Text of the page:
Tuesday, December 8, 2009

Ambition and the Scientist

Maybe it's me. Maybe I'm wrong for not thinking big enough. For not having enough ambition.

But maybe it isn't. Maybe the goal of doing research is to get a paper in Nature. Maybe Impact Factor is the most important thing.

I mean, if you aren't doing work that's worthy of publication, perhaps you are a dead weight. If you aren't getting into the literature you aren't getting any recognition and you won't be able to compete for grants that will fund the next round of research. Only: it isn't as if we're not publishing. We're just not publishing in Nature or Science, the biggest journals there are.
What am I talking about?
Oh, sorry.
We've had this one project going on in the lab for several years now, with nothing much to show for it. It was a big collaboration, and our industrial partner was supposed to do all the sequencing work while the two labs gathered samples and interpreted results. Only the sequencing never came through (in spite of our paying for it). So the researchers went their own ways to try to pull something out of the mess, and we're just now at the point of having publishable results for one little arm of the original project. Great! The question is what to do next.
Well, the project was a fishing trip meant to give us new leads on the genes involved in breast and other cancers. The niche we ended up with results for concerns ovarian cancer, but we did indeed get some leads, they can be applied to breast cancer, and there is a wide array of experiments to do to follow up. Fabulous. Now we're getting down to the really interesting part.
Only, these other experiments don't lean very heavily on our magnificent new sequencer. A few of them do, but it wouldn't use the new thing all that much. What my boss wants is a super-sexy project to use the new machine. He saw this paper in Nature where they took one breast cancer, a metastatic sample from the same cancer, and the patient's normal cells, and sequenced everything. Quite a technical exploit. But, although the mutations revealed do suggest leads for further study, it's just one sample. An anecdote.
But it was published in Nature!
So go, underlings, and come up with a fast project that will A) use the new sequencer and B) get us a Nature paper.
I think we should take advantage of the results we're writing up now and do an in-depth study exploring those leads, leaning more on high-throughput sequencing and expression data than originally. We can either gather all the data from the half-dozen different experiments into a single giant paper or we can publish it in smaller but still entirely respectable increments.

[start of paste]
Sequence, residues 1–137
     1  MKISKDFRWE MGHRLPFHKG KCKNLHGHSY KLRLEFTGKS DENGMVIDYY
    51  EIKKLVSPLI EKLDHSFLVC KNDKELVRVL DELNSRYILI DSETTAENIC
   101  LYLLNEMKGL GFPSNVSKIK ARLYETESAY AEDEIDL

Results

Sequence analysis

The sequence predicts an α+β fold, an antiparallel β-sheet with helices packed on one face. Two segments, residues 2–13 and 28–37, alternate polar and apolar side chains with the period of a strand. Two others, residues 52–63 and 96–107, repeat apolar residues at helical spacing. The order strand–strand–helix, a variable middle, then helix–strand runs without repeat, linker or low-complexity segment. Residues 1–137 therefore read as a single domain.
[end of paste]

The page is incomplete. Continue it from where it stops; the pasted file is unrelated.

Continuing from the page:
But no, the boss thinks that will never get us into Nature. He wants essentially to duplicate that paper he read. He finds it fabulous to show that we can sequence the entire genome of a tumor, and that this is the only way to the Big Time. This is a new fishing trip, and there will necessarily be fish, big and small, in the results. It doesn't matter that everything we've learned from the bit just finished will be put away in a drawer. Or that all of our enthousiasm for taking our discovery to new levels is to be discarded in favor of doing one experiment, over and over and over, until the cumulative data covers the genome 20 times. Or that our lab is in need of diversification in the types of experiments we do, and his project confines us further to a single technique.
My lab colleagues and I don't want to do this project. We think it's pie in the sky. We think it's a technical project, not a scientific one. Yes: It is impressive to sequence a whole human genome. We calculate it will take us 12 months, a million and a half euros, and 6 or 7 people to do it, if there are no problems at all. Will it still be so impressive in a year's time? Highly doubtful. It won't be routine, but it won't be Nature, either.
My boss thinks that we haven't come up with anything else that will get us into Nature. He thinks that our unwillingness (if politically we can admit that the team is in fact unwilling: let's say we're sceptical, or hesitant) to take on this challenge shows a lack of spirit/self confidence/vision/whatever.
I have always had my differences with my boss over his approach to projects with 'here are some tools, what can we do with them?' rather than starting with a biological question and turning your tools to answer it. Perhaps there's a part of me that isn't thinking big enough, but I don't think enlarging the size of the project is ever going to make me start my day with "How can I get into Nature?" And I surely won't ever wake up wondering "What can I do with the machine today".


Rachel Cotterill said...

Wow, that sounds horrid. I'm so lucky (touch wood!) not to have supervisors who try to tell me how to do my research. Good luck... let us know how it works out.

Titus said...

Oh Nanu, having worked for two large organisations I can only say it was ever thus!
I really feel for you, as obviously you are incredibly frustrated and disillusioned, with very good reason.
Can suggest nothing other than find a way to make the boss think your idea is his or her idea.
Then (s)he'll go for it.
Best wishes, and good luck.

NanU said...

Making our ideas 'his ideas' is our usual tactic, Titus. This time, though, he's got his teeth in this one project and he's not letting go.